Two thousand metres above Indonesia, smoke trailing from a shattered engine and with holes punched in his port wing, Richard Champion de Crespigny was an island of calm.
The captain of Qantas flight QF32, responsible for 466 passengers and crew aboard the world’s biggest airliner and with an emergency no other Airbus A380 pilot had faced, switched on his intercom.
“I do apologise. I’m sure you are aware we have a technical issue with our No 2 engine … I’m sure you are aware we are not proceeding to Sydney at this stage. The aircraft is flying safely at this stage. Thank you for your patience.”
In the cabin behind, flight attendants moved among anxious passengers who had been rocked by two explosions and a shudder that ran through the fuselage of the double-decked superjumbo.
Captain de Crespigny, a veteran of 35 years, was commanding a giant of cutting-edge technology that started flying commercially only three years ago: his aircraft, with more than 8000 hours in the air, entered service in September 2008 as Qantas’ first A380.
Shutting down the damaged engine, Captain de Crespigny broadcast a PAN-PAN alert – warning of urgency rather than the imminent danger of a Mayday – asked for a priority landing and, with the jet trailing smoke, circled Singapore dumping fuel and preparing to land.
Aviation experts agree there was no immediate danger of the A380 crashing. It has been rigorously tested, and it can fly on two of its four Rolls Royce Trent 900 engines.
Within minutes of lifting off from Singapore’s Changi airport at 9.56am local time, bound for Sydney, the aircraft was rocked by loud bangs and a shudder through the cabin.
The casing of the No 2 engine, closest to the left side of the fuselage, shattered, shooting holes in the wing and scattering debris on to the Indonesian island of Batam below.
One report said a large fragment narrowly missed a school.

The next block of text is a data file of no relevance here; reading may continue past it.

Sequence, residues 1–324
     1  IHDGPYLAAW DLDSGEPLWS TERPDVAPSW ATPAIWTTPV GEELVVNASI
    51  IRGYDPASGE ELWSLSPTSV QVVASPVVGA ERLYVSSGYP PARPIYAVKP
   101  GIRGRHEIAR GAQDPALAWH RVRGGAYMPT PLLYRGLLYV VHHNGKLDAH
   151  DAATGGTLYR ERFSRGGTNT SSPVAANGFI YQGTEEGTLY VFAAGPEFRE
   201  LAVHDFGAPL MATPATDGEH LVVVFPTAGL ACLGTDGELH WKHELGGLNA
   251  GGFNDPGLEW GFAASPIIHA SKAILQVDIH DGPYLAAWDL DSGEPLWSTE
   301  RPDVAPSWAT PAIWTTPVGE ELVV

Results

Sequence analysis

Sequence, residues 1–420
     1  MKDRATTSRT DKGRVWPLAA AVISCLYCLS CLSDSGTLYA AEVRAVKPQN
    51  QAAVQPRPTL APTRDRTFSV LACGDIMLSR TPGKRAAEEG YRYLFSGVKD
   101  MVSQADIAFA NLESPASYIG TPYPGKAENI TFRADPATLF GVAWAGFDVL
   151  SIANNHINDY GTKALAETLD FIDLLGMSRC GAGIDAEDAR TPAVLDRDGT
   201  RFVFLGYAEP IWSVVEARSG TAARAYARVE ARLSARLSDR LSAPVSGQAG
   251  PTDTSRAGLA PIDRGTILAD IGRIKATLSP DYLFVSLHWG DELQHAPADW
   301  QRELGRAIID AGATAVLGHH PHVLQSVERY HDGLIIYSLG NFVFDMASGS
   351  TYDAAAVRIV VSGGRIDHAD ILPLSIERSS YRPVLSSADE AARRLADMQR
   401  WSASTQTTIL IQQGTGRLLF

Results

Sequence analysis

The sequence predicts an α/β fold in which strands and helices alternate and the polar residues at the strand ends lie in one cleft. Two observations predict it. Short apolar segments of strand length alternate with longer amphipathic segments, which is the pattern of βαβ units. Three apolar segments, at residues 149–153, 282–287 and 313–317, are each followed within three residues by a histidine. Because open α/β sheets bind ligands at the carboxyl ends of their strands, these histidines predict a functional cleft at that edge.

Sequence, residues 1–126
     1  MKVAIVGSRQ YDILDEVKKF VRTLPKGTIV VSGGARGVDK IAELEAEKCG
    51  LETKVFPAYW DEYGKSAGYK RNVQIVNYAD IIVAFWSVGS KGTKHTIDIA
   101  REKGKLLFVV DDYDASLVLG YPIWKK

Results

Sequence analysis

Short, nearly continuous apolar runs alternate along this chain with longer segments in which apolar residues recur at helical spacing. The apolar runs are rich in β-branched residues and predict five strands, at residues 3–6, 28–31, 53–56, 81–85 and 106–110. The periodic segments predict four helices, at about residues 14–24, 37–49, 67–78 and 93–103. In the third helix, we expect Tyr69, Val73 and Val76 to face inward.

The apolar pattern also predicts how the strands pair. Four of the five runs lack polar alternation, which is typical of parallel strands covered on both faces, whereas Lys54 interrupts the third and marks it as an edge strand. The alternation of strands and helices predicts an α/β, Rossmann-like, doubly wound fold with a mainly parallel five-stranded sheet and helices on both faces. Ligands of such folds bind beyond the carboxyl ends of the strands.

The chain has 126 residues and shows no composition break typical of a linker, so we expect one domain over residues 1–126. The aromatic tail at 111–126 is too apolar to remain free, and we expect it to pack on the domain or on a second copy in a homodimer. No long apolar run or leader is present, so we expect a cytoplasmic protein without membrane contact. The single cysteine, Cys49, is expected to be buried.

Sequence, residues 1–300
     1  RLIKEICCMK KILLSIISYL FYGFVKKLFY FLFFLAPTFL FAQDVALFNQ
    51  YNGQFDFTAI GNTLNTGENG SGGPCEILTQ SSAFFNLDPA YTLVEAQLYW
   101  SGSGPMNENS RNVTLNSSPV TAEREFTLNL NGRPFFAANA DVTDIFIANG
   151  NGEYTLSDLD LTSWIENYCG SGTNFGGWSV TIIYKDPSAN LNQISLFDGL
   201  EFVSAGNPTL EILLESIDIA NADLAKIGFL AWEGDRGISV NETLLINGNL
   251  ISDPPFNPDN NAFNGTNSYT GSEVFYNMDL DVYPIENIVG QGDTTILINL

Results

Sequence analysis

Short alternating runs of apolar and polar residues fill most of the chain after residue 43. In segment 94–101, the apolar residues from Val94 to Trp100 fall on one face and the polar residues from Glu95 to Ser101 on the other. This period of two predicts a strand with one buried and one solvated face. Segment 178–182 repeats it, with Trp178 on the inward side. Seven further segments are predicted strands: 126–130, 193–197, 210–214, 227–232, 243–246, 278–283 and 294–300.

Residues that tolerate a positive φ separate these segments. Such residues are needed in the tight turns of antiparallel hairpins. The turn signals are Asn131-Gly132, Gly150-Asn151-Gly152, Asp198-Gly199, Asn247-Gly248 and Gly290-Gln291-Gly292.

“I heard a bit of a shudder and then there was a massive explosion and we saw wires sticking up and parts of the wing had blown off,” one Melbourne passenger, Sue Wooster, told Channel Seven.
“Then you were waiting for what was going to happen next – is the plane going to do down, or the engines going to stop running?”
Her son Tyler, 16, said he heard a sound like a big gunshot, and a hole appear in the wing: “You could see how the wing had peeled off.”
Passenger James Henderson told ABC radio he was also shaken.
“There was a serious bang which got the attention of a woman just on our left who was overlooking the engine, who started to scream, ‘there’s smoke coming out of the engine – there’s a hole in the engine’,” he said.
As cabin staff moved around the cabin to calm passengers, Captain de Crespigny continued giving his reassurances while he prepared to land.
“The pilot handled this superbly,” Qantas chief executive Alan Joyce said yesterday.
German passenger Ulf Waschbusch agreed: “The crew helped tremendously. I felt in good hands. Qantas did a great job in keeping us safe.”
The landing enhanced the pilot’s reputation for calm under pressure.
“I fly on many international flights, and it was one of the smoothest landings I’ve had,” Sydney passenger Christopher Lee told ABC radio.
This was no surprise to Captain de Crespigny’s wife, Coral.
“That’s just the way Richard is,” she told the Australian newspaper. “He is calm by nature, but he is a very special man, an intelligent man.
“He’s passionate about his job, and he’s very competent.
“I was not at all surprised to hear how calm he was when talking to the passengers. “I’m sure he would have been thinking, ‘what words would I like to hear from the captain if I were a passenger’.
“All I can say is that the passengers are very lucky that Richard was their pilot.”
The landing, though smooth, was heavy, and Mr Joyce said yesterday that several tyres burst as the A380 travelled down the runway – to more problems.
The outer No 1 engine would not shut down for reasons engineers are still trying to determine.
With the fire risk high and surrounded by emergency tenders, passengers had to stay in their seats as systems were shut down, enduring what one, Lars Sandberg, described as “like a sauna”.
“We had to switch off all the electronics,” he told the ABC. “There were no buses for a long time so we were stuck in the sweltering heat.”
Investigators from five countries are probing the QF32 emergency.
Yesterday, attention was focusing on a possible failure of the advanced materials used in the giant Rolls Royce engine, or an issue with its design, as the most likely cause of the drama that has grounded the Qantas entire fleet of Airbus A380s.
The airline is now racing to clear a backlog of 1200 passengers waiting in hotels in Los Angeles and London.
It is using Boeing 747 and other jets for this while engineers check engines on its other five A380s.
Mr Joyce said yesterday that if no problems were found and Qantas was convinced there were no safety issues, the remaining fleet could be back in the air within 24 to 48 hours.
He also said that Qantas had complied with an airworthiness direction issued three months ago by the European Aviation Safety Agency.
This related to possible problems with the turbines of the A380’s engines.